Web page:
Designer Stories: The TriBeCa Series


Translated from original article by Louise Foged at, here:

The TriBeCa series of lamps are a tribute 1930s New York. Søren Rose found the inspiration for these lamps while hunting for bits and bobs in the hardware stores of New York.
Where did you find the inspiration for TriBeCa?

The design style in the US is more industrial than it is in Denmark. I found the inspiration in hardware stores in Manhattan, where I saw thousands of little gadgets and gizmos I hadn’t seen before. I grew up with Danish oak and brushed steel, so it was truly a joy to work with brass – the core material in this series. The oxidation of the metal adds an entirely new dimension to the lamps. Over the course of just 12 months the oxidation of the lamps changes their expression significantly.


What was your vision for TriBeCa?

The TriBeCa series is a collection of lamps, pendants, and chandeliers, inspired by 1930s New York. The TriBeCa area of New York, short for “Triangle Below Canal Street”, has been the home for my studio for the last four years. The lamps are named after streets in the TriBeCa area. I wanted to pay tribute to Manhattan’s historic glamor.


What has the development process been like?

With Menu A/S onboard as the producer, we’ve made several adjustments to the collection – all for the better. Menu have the parts manufactured themselves, and in unbelievably high quality. The old sockets and parts have been updated to modern demands, and the collection as a whole has been adjusted for usage in both the European and American markets. With these changes the lamps have acquired a more consistent expression, and the quality has improved, though the basic expression still matches my original ideas.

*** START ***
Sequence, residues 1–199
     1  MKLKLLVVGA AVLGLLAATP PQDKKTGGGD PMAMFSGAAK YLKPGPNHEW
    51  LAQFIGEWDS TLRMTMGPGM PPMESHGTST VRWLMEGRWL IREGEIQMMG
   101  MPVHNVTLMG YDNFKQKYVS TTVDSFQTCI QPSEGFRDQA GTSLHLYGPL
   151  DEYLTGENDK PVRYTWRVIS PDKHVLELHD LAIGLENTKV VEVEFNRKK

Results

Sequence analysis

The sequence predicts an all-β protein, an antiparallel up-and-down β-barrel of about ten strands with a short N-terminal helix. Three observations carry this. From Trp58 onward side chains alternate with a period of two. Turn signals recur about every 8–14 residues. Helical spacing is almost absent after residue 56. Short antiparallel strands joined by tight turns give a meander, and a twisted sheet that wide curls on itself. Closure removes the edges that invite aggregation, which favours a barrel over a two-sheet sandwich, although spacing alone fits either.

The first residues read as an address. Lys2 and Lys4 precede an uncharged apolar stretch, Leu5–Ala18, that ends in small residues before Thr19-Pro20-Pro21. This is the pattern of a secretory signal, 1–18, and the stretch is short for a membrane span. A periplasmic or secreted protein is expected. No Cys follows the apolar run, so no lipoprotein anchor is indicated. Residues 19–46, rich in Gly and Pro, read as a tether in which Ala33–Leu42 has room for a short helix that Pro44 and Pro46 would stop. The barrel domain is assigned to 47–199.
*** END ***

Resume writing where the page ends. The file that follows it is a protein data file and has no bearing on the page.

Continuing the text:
How is the final design different from your first ideas?

In the beginning we produced the first lamps in our workshop on Franklin Street, deep down in a basement. We created many prototypes, as is typical for our studio, and there were frankly some awful creations along the way. However, by continuing to iterate on the concept, the lamps became stronger, and suddenly, we created the Leonard chandelier – the first in the series. To this day, I still have the original prototype for it hanging over my dining room table.



What does the future hold for TriBeCa?

We have been truly overwhelmed by the great reception of the TriBeCa series, both on on the private and contract markets. When the series was launched it consisted of four lamps; Franklin, Reade, Leonard, and Warren. Later, we added the fantastic Duane design, and I will say that this won’t be the last addition to the TriBeCa series.



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